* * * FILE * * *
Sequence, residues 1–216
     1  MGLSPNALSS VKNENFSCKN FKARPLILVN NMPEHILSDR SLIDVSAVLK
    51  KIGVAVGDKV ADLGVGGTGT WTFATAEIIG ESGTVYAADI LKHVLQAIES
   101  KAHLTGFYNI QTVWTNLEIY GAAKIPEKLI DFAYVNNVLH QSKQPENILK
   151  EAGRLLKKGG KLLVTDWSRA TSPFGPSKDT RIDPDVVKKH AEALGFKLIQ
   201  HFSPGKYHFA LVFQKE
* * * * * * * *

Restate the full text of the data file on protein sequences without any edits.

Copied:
Sequence, residues 1–216
     1  MGLSPNALSS VKNENFSCKN FKARPLILVN NMPEHILSDR SLIDVSAVLK
    51  KIGVAVGDKV ADLGVGGTGT WTFATAEIIG ESGTVYAADI LKHVLQAIES
   101  KAHLTGFYNI QTVWTNLEIY GAAKIPEKLI DFAYVNNVLH QSKQPENILK
   151  EAGRLLKKGG KLLVTDWSRA TSPFGPSKDT RIDPDVVKKH AEALGFKLIQ
   201  HFSPGKYHFA LVFQKE